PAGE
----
A motion control system that can position patients to within 0.5mm is being commissioned at the Rinecker Proton Therapy Centre in Munich. Its eight-axis control system has been designed by IPG of Switzerland, based on motion control components from Baldor . Baldor's Mint-language motion commands have been ported to run under Linux for the project.
The proton beam machine consists of a large steel cylinder weighing 100t, housing a gantry with very large magnets that guide the accelerated proton beam. The patient is driven into the cylinder and positioned in the path of the beam to within a 0.5mm by means of a table with control of X, Y, Z, rotation, pitch and roll axes based on closed-loop servo motors. The table itself weighs 4.5t, to provide the stiffness required for accurate and repeatable positioning of the long load.
At the heart of the control system is a PC fitted with Baldor's PCIbus-based multi-axis motion controller, NextMove-PCI. Control is provided by a Linux-based application written in C. This issues motion commands to NextMove-PCI using Baldor's library of C-compatible Mint functions.
IPG wanted to use Linux for the project in order to obtain open access to the source code for maintainability and a long lifetime. In order to do this a new Linux driver for Baldor's Mint-compatible C library had to be written. Baldor commissioned IPG to do this and provided training and technical support to aid the project.
The result gave IPG a flexible motion software environment with a library of high-level commands providing sophisticated movement functions. Among the Mint features that IPG employs in the control system are the blend, contouring and S-ramp commands. These allow moves to be overlapped with no jerky transitions.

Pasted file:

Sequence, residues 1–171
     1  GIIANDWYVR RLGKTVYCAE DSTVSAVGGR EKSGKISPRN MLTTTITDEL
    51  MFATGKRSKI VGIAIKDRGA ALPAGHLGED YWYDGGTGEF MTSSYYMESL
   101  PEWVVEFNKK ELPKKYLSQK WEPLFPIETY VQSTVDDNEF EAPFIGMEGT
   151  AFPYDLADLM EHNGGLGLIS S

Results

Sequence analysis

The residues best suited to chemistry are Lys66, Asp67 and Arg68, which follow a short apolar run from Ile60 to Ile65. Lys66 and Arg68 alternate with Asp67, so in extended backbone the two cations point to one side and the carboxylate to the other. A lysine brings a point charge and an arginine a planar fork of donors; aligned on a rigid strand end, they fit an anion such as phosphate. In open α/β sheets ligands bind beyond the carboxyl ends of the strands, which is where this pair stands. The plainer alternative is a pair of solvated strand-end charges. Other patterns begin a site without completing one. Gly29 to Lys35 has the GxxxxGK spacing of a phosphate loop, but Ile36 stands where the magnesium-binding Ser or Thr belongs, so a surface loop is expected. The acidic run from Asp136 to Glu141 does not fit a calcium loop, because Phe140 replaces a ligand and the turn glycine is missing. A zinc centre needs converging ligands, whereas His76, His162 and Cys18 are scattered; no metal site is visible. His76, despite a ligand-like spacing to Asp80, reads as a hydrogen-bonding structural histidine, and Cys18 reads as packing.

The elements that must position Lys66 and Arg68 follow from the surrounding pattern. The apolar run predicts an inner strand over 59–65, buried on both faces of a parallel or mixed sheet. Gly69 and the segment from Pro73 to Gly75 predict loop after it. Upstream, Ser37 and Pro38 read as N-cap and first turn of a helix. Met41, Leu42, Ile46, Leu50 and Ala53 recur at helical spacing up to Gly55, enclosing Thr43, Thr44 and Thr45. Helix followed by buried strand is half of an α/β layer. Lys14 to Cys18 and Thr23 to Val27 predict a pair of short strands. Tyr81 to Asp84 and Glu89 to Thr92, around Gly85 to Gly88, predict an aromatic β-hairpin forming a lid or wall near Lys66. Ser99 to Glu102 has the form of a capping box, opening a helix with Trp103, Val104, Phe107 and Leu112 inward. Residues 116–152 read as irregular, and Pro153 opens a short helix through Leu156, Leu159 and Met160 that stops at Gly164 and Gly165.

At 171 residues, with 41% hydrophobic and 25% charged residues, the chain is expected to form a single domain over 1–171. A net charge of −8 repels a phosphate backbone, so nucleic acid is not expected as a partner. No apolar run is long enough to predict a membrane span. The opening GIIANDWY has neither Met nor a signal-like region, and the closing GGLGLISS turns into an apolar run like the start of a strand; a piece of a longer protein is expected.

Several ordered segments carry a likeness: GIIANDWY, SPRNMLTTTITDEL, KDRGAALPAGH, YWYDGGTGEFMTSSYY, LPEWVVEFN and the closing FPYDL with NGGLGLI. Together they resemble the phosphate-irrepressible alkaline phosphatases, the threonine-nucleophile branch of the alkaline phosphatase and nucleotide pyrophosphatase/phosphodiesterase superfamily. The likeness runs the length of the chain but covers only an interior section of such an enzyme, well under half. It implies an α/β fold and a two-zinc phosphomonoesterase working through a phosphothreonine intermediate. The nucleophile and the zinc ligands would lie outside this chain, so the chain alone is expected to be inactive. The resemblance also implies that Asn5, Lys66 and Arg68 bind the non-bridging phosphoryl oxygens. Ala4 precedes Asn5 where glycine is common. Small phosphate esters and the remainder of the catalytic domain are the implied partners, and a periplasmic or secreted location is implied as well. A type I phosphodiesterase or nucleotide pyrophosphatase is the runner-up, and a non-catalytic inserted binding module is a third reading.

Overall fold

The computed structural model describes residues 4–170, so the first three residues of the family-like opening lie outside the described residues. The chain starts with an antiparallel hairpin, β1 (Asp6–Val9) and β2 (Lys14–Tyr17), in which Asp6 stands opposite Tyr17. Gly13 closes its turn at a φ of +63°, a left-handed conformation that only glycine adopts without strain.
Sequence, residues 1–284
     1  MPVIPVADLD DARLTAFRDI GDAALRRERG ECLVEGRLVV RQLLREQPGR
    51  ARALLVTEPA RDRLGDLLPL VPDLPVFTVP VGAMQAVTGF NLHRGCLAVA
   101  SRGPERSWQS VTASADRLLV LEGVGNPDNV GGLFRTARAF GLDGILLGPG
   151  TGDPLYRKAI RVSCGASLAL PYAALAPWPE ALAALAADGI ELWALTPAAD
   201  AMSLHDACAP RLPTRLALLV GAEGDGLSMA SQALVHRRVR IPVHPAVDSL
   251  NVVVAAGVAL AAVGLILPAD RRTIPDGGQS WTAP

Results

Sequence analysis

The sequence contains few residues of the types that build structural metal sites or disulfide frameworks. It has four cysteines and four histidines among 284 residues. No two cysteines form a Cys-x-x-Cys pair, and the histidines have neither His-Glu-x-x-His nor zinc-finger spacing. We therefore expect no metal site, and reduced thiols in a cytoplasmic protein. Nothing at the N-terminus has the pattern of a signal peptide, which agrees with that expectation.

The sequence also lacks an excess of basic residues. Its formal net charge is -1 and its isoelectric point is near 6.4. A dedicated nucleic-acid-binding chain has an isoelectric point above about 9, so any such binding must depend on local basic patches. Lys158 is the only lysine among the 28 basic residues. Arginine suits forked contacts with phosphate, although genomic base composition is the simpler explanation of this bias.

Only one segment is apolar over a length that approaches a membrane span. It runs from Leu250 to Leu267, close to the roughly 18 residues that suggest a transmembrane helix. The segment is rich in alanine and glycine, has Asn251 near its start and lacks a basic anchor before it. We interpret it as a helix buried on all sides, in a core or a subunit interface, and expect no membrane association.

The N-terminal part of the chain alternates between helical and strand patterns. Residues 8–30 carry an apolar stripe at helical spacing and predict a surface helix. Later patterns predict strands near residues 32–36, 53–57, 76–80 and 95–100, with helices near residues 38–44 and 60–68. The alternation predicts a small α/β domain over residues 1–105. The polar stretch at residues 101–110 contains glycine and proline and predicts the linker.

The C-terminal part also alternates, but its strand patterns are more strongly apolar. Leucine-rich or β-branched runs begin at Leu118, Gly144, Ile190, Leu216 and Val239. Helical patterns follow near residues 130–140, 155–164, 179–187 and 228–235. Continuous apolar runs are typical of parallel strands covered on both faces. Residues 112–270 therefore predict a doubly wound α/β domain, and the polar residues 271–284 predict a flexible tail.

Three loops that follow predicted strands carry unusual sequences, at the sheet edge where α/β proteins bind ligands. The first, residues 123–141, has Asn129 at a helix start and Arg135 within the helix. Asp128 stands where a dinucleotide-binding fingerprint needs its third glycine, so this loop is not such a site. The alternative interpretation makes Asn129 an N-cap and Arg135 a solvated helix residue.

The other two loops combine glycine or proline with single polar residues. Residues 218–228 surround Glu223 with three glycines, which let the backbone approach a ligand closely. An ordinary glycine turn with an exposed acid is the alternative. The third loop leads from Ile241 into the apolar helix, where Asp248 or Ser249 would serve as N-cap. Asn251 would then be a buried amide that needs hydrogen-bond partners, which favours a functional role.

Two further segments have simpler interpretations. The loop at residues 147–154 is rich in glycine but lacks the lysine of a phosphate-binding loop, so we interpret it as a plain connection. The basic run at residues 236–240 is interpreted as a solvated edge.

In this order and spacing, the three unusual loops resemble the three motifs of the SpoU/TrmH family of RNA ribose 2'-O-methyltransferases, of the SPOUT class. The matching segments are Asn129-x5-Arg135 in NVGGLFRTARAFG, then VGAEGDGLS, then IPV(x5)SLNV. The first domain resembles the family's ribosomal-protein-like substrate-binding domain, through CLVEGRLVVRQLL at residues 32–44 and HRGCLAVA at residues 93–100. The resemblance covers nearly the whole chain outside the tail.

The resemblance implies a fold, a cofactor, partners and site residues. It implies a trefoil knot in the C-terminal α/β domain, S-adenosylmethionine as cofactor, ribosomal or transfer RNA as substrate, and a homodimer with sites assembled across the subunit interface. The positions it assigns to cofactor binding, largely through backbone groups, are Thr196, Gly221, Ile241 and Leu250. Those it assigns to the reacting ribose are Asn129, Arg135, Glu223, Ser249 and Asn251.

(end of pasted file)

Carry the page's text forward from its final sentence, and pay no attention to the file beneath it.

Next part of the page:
Behind this smooth motion is a highly complex control program that converts polar coordinates into the Cartesian coordinates required for the three-dimensional patient positioning. The system also corrects for the non-linearities of the table and the slight flexing that occurs depending on the extension from its mountings. IPG simplified this problem by dividing movements down into sequences of smaller steps. IPG also uses Mint's feedrate override commands, a facility that allows users to set high and low velocity rates and then switch the entire motion system between them with a single command.
As the proton beam machine has the potential to do damage if a patient is positioned incorrectly, IPG designed safeguards into the motion system. Each axis has at least two absolute position sensors, one of which is connected to a security monitoring application program running on a separate PC. The movement commands issued by the control system are monitored by the security PC. At the end of a movement the two must agree that the system is in the right place before the proton beam can be switched on.
The motion subsystem consists of a NextMove-PCI bus card plugged into the PC, connected to six Baldor FlexDrives and BSM servo motors. Two further axes on the card are also used by IPG to control the linear extension of the proton beam nozzle as it is set up for a treatment session, and a heavy-duty industrial motor that adjusts the magnet gantry.